• Starting in 2022, school boards are required to collect data on student population by racialized group? How are they going to direct admin to use this data? Where is it going to live and is it going to be shared?
      • Mitigating impacts of poverty and economic inequality in schools?
      • Lots of time, energy and learnings were put into the Math Taskforce here locally. How does the new math curriculum impact this work? What about testing as this board has struggled for a wide range of reasons.
      • Any thought or debate on what happens after the ban on school closings ends (likely after the next election for provincial political reasons) as according to the last accommodation review there were schools that were at risk.
      • How does the school board leverage municipal strategic visions like Windsor Work to build partnership create community amenities and spaces?
      • Online learning is here to stay, what are you going to do about it? What if your best (or worst) teachers decide they want to permanently teach online?
    • Maybe these questions are being asked but as someone who follows the school board if I don’t know the answers, how does the average parent know? It is true, it is true that COVID has sucked the oxygen out of the room, but the light is getting brighter.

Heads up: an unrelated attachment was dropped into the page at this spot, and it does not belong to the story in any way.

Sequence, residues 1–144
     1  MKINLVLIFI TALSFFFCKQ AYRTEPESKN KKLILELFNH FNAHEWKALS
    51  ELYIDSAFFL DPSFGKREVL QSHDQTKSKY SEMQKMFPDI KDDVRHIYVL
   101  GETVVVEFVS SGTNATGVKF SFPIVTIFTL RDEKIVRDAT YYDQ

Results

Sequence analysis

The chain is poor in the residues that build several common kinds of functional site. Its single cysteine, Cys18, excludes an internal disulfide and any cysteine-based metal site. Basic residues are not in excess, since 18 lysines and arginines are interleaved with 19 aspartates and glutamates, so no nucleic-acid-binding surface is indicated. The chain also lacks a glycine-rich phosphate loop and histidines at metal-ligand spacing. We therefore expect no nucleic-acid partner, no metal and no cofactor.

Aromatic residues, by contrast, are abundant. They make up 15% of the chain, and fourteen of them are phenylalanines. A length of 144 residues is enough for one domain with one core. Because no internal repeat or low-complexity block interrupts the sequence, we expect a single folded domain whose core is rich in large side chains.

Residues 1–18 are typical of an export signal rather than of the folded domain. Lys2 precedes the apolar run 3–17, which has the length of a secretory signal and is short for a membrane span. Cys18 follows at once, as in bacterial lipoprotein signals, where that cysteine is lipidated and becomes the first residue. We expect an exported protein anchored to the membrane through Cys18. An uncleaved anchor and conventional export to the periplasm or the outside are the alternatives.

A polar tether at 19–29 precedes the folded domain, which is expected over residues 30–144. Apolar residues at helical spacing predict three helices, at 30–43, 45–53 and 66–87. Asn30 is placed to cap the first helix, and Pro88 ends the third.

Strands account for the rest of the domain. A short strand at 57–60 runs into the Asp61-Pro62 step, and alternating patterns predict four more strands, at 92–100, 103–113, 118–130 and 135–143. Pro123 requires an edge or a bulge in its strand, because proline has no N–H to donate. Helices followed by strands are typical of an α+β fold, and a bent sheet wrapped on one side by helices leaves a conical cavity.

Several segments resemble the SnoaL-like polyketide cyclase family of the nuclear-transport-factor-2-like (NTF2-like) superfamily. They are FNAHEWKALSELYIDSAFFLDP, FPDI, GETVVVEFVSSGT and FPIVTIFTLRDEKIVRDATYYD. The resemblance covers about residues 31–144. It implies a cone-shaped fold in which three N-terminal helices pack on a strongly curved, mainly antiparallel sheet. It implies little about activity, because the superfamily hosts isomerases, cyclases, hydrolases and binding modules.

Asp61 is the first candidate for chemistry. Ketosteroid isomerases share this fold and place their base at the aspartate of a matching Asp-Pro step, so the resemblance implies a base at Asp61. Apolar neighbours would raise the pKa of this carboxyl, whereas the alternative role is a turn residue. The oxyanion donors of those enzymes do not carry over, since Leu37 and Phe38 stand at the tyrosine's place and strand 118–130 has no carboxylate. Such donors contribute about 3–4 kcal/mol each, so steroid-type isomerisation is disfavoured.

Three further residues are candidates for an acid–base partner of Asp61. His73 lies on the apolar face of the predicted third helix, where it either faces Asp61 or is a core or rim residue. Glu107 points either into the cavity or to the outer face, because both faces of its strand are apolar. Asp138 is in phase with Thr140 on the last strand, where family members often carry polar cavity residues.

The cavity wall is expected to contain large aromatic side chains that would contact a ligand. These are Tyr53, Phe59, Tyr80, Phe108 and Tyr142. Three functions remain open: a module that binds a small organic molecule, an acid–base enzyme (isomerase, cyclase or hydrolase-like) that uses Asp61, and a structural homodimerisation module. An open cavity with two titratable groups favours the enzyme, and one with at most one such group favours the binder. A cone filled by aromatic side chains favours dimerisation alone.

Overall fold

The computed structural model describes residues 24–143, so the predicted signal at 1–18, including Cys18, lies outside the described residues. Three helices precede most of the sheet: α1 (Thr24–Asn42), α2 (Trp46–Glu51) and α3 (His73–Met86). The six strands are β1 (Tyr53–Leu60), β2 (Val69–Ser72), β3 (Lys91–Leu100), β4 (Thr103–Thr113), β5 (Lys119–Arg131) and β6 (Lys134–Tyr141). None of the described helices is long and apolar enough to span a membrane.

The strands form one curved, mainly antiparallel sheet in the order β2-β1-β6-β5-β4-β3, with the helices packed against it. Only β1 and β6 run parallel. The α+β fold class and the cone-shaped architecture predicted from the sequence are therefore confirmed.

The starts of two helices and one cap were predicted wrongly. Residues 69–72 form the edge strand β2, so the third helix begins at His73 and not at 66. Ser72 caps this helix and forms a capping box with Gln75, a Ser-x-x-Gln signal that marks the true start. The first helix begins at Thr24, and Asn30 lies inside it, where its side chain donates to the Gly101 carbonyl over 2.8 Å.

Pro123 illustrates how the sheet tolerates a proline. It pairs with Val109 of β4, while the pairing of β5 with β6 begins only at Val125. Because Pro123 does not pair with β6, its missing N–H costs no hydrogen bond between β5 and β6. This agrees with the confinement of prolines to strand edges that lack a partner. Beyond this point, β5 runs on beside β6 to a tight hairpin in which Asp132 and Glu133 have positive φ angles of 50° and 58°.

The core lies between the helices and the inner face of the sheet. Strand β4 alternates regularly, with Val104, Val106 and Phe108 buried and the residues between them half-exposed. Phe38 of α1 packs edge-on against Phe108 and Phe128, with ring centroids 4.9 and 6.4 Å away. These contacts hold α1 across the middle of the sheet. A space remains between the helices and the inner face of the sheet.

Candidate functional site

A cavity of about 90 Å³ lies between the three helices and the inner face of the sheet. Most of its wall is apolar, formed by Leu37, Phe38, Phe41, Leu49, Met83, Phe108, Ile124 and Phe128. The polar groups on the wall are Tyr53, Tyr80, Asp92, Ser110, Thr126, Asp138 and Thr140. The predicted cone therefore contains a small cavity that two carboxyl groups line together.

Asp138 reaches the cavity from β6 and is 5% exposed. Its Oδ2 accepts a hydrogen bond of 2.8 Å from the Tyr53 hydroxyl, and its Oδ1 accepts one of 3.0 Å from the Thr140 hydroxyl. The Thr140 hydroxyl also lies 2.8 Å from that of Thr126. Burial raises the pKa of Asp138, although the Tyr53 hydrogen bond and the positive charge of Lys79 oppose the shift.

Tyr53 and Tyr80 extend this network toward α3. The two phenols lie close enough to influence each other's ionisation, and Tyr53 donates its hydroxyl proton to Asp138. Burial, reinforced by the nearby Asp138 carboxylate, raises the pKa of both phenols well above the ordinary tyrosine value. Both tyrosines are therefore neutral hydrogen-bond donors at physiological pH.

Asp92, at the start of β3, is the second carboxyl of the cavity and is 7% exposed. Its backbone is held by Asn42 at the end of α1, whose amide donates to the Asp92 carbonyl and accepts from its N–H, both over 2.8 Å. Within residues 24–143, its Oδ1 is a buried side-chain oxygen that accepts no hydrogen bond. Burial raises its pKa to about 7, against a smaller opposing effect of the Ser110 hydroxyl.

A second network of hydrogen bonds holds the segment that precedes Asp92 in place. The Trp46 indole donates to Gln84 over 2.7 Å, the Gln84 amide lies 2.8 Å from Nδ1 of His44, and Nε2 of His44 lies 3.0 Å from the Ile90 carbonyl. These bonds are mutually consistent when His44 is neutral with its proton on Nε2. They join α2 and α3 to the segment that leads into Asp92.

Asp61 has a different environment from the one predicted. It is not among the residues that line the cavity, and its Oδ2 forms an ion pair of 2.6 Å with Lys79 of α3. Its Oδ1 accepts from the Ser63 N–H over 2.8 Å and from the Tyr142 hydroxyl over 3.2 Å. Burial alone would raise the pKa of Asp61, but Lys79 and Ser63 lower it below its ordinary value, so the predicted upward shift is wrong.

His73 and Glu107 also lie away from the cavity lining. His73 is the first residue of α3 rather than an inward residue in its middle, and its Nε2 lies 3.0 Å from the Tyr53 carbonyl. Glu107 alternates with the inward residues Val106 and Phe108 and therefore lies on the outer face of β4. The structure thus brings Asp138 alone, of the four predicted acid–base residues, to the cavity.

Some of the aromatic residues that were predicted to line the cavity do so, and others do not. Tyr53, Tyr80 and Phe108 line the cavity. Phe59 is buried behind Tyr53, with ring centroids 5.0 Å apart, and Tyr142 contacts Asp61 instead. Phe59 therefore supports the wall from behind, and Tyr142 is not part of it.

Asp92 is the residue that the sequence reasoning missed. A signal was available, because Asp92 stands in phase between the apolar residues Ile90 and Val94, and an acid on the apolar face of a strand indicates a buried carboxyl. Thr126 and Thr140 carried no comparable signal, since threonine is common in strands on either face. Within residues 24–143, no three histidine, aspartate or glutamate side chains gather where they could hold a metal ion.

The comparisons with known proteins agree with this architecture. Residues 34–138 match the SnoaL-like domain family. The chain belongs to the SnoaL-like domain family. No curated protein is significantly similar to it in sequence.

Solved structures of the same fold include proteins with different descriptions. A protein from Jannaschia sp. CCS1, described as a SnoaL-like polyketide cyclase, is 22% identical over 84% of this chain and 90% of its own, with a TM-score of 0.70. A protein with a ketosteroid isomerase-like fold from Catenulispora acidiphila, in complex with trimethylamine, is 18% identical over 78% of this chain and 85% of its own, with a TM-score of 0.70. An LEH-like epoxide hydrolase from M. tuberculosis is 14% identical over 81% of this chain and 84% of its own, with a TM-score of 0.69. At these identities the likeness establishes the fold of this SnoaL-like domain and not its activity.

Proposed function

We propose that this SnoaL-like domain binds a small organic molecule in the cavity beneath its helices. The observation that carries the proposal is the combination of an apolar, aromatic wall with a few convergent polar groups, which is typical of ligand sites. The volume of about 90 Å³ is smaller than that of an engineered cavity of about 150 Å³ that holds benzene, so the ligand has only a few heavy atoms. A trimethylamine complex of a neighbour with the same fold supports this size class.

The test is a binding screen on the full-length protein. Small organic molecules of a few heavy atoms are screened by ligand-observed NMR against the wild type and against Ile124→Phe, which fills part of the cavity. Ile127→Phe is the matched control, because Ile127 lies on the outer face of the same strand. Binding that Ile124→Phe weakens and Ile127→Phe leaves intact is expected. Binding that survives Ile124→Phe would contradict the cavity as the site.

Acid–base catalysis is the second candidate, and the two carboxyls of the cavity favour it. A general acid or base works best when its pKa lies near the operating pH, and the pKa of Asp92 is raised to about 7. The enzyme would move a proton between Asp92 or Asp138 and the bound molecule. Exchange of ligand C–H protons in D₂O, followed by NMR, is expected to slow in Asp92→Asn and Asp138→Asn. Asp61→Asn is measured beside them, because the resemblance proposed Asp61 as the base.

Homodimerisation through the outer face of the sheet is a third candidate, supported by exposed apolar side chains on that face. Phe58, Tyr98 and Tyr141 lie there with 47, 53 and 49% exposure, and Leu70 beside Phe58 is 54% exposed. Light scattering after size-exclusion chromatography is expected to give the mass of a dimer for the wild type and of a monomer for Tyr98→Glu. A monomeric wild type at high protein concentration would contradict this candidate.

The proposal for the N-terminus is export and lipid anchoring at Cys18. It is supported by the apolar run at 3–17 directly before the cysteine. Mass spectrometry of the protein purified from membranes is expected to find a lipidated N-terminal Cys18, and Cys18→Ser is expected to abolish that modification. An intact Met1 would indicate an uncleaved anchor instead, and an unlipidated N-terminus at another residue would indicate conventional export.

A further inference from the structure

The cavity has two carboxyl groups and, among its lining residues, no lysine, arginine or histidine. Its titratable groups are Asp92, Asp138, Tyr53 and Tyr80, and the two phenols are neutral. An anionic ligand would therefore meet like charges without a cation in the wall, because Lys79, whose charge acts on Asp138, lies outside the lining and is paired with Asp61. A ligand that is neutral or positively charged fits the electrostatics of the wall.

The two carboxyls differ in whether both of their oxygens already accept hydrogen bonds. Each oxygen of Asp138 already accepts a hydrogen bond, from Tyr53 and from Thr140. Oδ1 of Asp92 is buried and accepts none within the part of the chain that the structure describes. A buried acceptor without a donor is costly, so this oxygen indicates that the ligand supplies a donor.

• I would argue that now is the time to think ahead, a reassess everything. The future of education will look different after COVID-19 is done. If you are going to spend 4 hours debating issues, I would prefer time being spent on being strategic and visionary while making sure that needles are being moved and progress is actually being made.
      • At the same time that our local school board was watching videos on art programs, the TDSB was having a meeting planning to advocate to the province opposing permanent remote learning.
  • The reports on High Speed Rail are a bit of a false-nomer IMO. There are so many barriers that I would argue 2035 is optimistic and if it does happen, I don’t think they stop in Windsor. I kind of agree with this, I don’t get it.
  • My neighbourhood has scene 5 different mature trees taken down this year, so I was glad to see that we are getting 30ish new plantings.
  • This thread by Sarah Mashtaq covers most of the Town of Essex drama…. Hay-County-Politics.
    • As someone who talks to a lot of smaller town politicians, arguably Essex has one of the most decisive councils in Ontario. Mayor has been charged for 2018 election issues, the above issues over the last weekend, the mayor asking councillors to send less emails to him, to all of the last terms drama between the former mayor and councillor.
  • ¯\_(ツ)_/¯ is all you can do while I wait to be vaccine eligible.